The European NIS (Network and Information Security) directive defines the measures helpful in achieving a high level of security of networks and information systems. This provision is destined to have a strong impact on logical security and physical security. The two aspects are, in fact, increasingly linked: if physical access to the infrastructure is not defended, it becomes, in fact, vulnerable despite all the protections to the information systems. Therefore, managing IT security without taking care of physical security makes no sense, and finding a balance that balances both aspects is essential.
To be able to defend its assets, the company must therefore consider and analyze a whole series of physical and logical situations that concern and involve all types of activities. By extension, this also applies to the vendor who, for example, is called upon to control the entire logistics chain, starting with the component suppliers to the moment a product leaves the plants and arrives at the final installation at the customer. In these transitional phases, the likelihood of suffering an attack often becomes higher.
The NIS Directive is aimed at all companies providing essential services such as the production and distribution of energy, transport by road, rail, water, and air (including airports), and water management. , banks, data centers, and hospitals. In these vertical markets, the European directive requires the implementation of choices and assessments regarding safety in the management and use of all ICT infrastructures at all levels. Specifically, we are talking about software and hardware that are part of the network infrastructures but also of the people who manage, use, implement and maintain them. It is important to note that companies are required to adapt to the new security paradigms and that, at the same time, they must demand that their suppliers adopt similar systems, conforming to the new context. In cascade, then, the entire supply chain is called upon to react proactively in order to be able to move in a coordinated way, to reach a widely spread and shared level of awareness.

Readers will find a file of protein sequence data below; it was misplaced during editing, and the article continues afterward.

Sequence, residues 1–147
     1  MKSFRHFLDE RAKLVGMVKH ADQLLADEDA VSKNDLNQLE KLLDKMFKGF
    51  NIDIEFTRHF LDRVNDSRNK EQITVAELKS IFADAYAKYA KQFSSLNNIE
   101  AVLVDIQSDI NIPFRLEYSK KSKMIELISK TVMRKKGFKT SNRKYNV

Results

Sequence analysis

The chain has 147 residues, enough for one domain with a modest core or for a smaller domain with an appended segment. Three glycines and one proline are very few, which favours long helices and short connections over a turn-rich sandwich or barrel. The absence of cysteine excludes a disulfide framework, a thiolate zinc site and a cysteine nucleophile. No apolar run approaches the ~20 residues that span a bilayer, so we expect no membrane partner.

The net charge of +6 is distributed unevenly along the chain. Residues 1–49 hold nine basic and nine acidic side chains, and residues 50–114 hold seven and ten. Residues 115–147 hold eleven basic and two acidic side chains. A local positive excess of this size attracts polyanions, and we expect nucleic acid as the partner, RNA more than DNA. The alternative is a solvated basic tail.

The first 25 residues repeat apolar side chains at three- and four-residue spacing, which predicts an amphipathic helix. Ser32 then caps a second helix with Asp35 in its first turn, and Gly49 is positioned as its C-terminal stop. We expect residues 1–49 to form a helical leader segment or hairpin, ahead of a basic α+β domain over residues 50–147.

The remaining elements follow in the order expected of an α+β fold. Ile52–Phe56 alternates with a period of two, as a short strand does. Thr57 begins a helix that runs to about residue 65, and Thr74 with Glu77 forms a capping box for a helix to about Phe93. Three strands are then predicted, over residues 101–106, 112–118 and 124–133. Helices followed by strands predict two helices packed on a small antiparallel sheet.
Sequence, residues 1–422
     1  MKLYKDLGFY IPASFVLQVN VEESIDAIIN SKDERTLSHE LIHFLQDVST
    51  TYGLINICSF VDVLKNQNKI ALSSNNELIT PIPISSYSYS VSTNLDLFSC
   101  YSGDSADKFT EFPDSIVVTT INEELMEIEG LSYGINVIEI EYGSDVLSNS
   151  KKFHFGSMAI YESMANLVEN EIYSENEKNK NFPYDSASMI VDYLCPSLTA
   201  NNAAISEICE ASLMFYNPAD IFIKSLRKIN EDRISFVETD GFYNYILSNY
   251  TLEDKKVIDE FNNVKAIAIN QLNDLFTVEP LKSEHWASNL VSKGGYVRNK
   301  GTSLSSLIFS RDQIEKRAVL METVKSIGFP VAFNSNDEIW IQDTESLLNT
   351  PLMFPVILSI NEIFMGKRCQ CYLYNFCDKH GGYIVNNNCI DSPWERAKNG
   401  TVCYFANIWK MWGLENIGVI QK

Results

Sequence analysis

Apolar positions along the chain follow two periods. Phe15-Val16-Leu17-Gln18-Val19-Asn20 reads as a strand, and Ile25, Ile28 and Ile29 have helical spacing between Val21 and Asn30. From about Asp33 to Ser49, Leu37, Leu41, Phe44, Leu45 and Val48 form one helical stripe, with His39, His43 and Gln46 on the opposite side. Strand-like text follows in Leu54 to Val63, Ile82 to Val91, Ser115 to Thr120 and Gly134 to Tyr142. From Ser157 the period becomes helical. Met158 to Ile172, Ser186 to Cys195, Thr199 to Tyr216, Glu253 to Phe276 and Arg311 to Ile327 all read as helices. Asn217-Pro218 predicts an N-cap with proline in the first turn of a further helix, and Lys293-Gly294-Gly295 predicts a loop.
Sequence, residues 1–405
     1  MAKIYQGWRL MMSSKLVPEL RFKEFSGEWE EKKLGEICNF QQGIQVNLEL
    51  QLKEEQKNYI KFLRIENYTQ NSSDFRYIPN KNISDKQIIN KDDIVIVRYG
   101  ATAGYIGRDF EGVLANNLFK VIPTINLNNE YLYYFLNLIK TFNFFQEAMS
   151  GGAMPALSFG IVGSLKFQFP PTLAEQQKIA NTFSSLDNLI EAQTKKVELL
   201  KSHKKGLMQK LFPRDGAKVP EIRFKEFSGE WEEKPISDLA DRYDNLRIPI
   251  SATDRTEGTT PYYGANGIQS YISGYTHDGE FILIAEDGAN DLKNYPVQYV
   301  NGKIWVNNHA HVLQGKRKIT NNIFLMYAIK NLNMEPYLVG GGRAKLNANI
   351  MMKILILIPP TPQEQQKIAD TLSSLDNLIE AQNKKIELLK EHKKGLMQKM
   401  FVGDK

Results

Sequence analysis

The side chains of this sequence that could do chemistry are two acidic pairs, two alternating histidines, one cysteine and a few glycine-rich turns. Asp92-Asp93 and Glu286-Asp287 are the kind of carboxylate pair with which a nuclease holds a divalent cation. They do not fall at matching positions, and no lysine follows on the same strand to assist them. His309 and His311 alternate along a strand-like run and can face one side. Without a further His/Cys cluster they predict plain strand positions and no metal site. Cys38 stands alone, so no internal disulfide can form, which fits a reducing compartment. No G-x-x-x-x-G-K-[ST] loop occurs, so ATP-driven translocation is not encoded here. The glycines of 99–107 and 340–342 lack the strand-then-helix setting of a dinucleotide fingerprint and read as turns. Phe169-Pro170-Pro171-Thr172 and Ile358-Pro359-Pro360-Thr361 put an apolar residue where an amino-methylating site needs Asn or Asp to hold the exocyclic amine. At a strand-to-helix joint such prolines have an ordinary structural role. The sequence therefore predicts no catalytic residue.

Are we ready?
The question at this point is: is the physical security sector ready? In truth, there is still a long way to go. Today, in fact, we observe that the physical security sector is not ready. In this area, those responsible for physical security are still a long way from possessing the necessary IT skills. Conversely, computer security experts do not know the key aspects of physical security. Work must ensure that the two approaches align and share best practices and know-how. In this phase, we are instead called to manage the two as a whole.
Involve key figures
It is not yet clear, or perhaps it is becoming so in recent months after all the successful attacks, how investments in security can have a huge impact in terms of protecting the brands reputation or the trust that customers place in a certain supplier. Therefore, it emerges that prudent choices and strategic investments in the security field, which guarantee to companies elements such as scalability, the use of non-proprietary protocols, and ease of integration, have become mandatory. In addition, the involvement of company figures who manage security issues at the tables where companies’ strategic choices are discussed is becoming increasingly important.
In the same way, we must look at the professional skills currently available: thinking of a one-man-band that can govern this level of complexity is unthinkable; on the contrary, it is necessary to look to the future by making all the actors involved talk to each other on tables that, in order to nature, they will be multidisciplinary. The distribution of responsibilities will be built on these tables, as required by the legislation, not in the sense of reducing the risk that one runs in person, but on the contrary, in the sense of everyone’s contribution towards ever higher levels of safety.
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